Norway’s economy shrank in August for the first time in four months, largely in line with the central bank’s outlook that projects an end of tightening in coming months.
(Bloomberg) — Norway’s economy shrank in August for the first time in four months, largely in line with the central bank’s outlook that projects an end of tightening in coming months.
Mainland gross domestic product, which excludes Norway’s offshore industry, contracted 0.2% from July when it had a similar-sized gain, according to data from the statistics office on Monday. Wholesale and retail trade contributed most to the fall, it said.
The median in a Bloomberg survey of six analysts forecast no change, while Norges Bank had projected a contraction of 0.1%.
The figures add to recent evidence of a gradual cooldown in the fossil-fuel-rich Nordic economy that had for a while brushed off the fallout from higher inflation and credit costs, helped by a strong labor market and windfall export gains. The rolling three-month growth for the June-to-August period was 0.2%, the office said.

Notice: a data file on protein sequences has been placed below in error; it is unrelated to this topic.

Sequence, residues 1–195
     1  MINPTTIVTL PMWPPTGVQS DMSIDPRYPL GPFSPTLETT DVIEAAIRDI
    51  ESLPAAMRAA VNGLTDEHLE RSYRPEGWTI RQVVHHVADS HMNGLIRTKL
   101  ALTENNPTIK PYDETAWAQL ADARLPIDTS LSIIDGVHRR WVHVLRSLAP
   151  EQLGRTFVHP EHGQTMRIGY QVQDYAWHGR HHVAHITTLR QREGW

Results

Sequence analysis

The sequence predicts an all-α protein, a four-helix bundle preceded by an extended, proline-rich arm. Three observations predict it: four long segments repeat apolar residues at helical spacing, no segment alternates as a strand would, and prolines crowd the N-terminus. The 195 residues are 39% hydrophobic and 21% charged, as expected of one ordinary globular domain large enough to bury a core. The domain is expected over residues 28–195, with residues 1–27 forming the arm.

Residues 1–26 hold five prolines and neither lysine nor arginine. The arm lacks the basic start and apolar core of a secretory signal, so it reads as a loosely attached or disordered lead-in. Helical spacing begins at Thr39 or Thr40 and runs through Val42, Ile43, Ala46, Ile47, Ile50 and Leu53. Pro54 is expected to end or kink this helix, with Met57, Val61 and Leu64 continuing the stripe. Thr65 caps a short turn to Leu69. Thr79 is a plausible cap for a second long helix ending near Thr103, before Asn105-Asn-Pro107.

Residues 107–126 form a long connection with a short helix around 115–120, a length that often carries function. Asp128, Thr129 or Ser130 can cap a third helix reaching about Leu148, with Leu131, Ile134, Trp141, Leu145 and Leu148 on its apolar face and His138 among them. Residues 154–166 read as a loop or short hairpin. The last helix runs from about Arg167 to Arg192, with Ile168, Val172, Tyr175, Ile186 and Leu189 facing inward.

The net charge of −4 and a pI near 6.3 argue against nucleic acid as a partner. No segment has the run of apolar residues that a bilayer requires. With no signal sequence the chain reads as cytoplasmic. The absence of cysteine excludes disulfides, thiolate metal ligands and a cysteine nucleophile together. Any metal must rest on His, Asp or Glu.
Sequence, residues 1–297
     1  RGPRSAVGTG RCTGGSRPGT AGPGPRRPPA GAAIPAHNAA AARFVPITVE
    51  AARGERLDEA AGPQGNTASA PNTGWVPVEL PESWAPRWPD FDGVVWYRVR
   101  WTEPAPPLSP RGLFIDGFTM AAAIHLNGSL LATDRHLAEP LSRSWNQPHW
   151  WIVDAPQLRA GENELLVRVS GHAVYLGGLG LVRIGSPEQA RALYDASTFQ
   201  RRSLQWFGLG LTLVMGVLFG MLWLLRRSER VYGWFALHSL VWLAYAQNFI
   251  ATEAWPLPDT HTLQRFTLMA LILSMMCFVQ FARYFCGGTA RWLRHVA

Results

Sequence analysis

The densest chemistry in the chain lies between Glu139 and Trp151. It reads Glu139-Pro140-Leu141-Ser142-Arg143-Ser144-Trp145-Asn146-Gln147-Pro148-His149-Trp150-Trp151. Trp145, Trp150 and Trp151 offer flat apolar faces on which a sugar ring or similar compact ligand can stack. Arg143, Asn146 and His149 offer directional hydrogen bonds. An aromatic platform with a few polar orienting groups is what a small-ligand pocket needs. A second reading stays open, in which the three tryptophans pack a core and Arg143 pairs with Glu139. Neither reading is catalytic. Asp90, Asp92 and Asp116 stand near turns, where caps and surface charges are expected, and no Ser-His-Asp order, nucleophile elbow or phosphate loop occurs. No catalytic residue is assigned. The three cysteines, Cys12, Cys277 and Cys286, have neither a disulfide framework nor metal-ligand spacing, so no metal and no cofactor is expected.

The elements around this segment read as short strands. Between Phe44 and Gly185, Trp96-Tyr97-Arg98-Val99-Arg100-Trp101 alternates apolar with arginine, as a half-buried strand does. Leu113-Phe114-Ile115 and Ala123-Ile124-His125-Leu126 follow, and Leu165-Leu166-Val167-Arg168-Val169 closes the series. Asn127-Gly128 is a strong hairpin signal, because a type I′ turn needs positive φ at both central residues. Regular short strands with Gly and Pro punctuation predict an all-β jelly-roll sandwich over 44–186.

While the central bank sees the economy slowing next year from 1.3% growth expected in 2023, it has flagged plans for one more quarter-point increase in borrowing costs to a peak rate of 4.5% before year-end, most likely in December.
“The outcome does not change the key impression of a stagnating economy,” Svenska Handelsbanken AB’s chief economist for Norway, Marius Gonsholt Hov, said in a note to clients. Inflation data for September is due on Tuesday and it would take “clear downside surprises” on those figures to “take the planned rate hike off the table,” he added.
–With assistance from Joel Rinneby.
(Updates with analyst comments in sixth paragraph.)
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